# Tips on disproving a speeding ticket using math/physics

So I was given a speeding ticket for supposedly traveling 42 mph on a road with a speed limit of 30 mph. However, the road I was clocked on was the street that I live on..I was pulled over about 1.5 miles and the officer told me someone clocked me going 42mph crossing a house that is only 250 feet from my address. There was no police officer on my street and I believe, considering the distance from where the alleged incident occured to where I was actually pulled over, that this is some sort of miscommunication and I wanted to prove so mathematically.

Knowing my car (2003 Infiniti G35), I could find the weight, combined with my own, to form the mass (3,573 lbs). I konw the distance (250ft), and essentially want to prove that it is either impossible or improbable that I could exit my driveway (distance and inital velocity=0) and end with a velocity of 42mph in such a minimal distance. What other information would I need? I feel like it should be simple but I'm struggling with whether to assume uniform acceleration, what other factors should be included, etc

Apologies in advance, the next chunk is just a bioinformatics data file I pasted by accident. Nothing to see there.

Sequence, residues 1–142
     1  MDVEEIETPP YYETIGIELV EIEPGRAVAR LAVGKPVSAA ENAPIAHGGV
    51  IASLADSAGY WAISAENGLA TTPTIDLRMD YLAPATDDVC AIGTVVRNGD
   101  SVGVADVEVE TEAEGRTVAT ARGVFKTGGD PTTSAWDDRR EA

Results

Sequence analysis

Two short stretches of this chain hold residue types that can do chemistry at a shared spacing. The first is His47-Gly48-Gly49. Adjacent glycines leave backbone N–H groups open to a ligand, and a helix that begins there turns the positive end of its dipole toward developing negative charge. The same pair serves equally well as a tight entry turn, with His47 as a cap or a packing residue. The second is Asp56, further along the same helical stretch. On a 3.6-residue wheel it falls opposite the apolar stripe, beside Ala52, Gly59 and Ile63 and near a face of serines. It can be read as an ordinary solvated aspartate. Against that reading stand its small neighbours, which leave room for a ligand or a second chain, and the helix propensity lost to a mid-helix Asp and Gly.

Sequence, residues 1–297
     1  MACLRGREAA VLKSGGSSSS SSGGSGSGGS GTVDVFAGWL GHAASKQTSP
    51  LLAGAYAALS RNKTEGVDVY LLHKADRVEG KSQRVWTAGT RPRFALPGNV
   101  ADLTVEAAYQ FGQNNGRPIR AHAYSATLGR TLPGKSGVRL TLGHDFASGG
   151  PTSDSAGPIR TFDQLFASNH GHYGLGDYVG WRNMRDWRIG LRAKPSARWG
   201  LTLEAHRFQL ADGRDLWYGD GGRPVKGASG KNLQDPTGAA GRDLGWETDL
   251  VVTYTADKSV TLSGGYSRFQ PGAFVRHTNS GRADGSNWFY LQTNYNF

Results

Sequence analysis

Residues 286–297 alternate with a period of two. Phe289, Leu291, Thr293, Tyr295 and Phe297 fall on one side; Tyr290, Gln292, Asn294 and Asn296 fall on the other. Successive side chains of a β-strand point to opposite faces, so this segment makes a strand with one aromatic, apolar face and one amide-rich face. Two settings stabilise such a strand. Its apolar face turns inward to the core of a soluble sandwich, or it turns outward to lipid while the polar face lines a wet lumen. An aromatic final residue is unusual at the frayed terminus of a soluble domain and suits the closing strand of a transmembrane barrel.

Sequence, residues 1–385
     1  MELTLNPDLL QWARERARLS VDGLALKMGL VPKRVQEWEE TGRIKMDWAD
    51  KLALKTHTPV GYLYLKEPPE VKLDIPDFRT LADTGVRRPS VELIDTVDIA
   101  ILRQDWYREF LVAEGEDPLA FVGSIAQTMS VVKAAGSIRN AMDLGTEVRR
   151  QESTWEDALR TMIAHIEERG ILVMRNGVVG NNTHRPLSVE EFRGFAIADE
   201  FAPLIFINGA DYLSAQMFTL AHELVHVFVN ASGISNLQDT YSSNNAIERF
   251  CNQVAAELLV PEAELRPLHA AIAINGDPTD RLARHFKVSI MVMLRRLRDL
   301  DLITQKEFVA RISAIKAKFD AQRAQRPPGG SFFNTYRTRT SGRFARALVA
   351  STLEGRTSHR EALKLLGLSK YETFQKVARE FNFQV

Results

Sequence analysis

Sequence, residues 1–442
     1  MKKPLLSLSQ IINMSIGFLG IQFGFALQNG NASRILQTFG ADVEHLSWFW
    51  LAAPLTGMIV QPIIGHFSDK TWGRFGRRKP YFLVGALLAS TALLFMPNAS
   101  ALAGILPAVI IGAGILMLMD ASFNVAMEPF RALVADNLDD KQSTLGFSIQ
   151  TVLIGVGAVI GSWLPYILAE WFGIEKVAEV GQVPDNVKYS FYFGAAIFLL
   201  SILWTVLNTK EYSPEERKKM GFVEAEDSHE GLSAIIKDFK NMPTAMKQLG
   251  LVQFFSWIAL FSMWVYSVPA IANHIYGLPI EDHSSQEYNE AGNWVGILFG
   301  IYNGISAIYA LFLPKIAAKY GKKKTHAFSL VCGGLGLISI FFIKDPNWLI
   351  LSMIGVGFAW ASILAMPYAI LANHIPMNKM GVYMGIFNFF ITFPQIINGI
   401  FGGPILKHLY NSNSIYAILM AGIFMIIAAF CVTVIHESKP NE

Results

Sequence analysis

The engine of the car is a 3.5L 194kW 260HP V6

Thank you all in advance! I thought this would be as much a fun exercise as simply disproving a ticket

• A common first-year calculus problem is to show that an officer clocking someone at an angle will give a reading higher than the actual speed. Do you know where you were clocked from? – Kaynex Jan 25 '17 at 0:51
• Obligatory reference to Feynman's Lectures on Physics I-8-2: "That’s impossible, sir, I was travelling for only seven minutes. It is ridiculous—how can I go 60 miles an hour when I wasn’t going an hour?" ;-) – dxiv Jan 25 '17 at 0:55
• @Moo I have read that paper – user2730931 Jan 25 '17 at 16:46
• @Kaynex I have read that paper, ubt unfortunately I do not know the officer's location/the location I was clocked from – user2730931 Jan 25 '17 at 16:47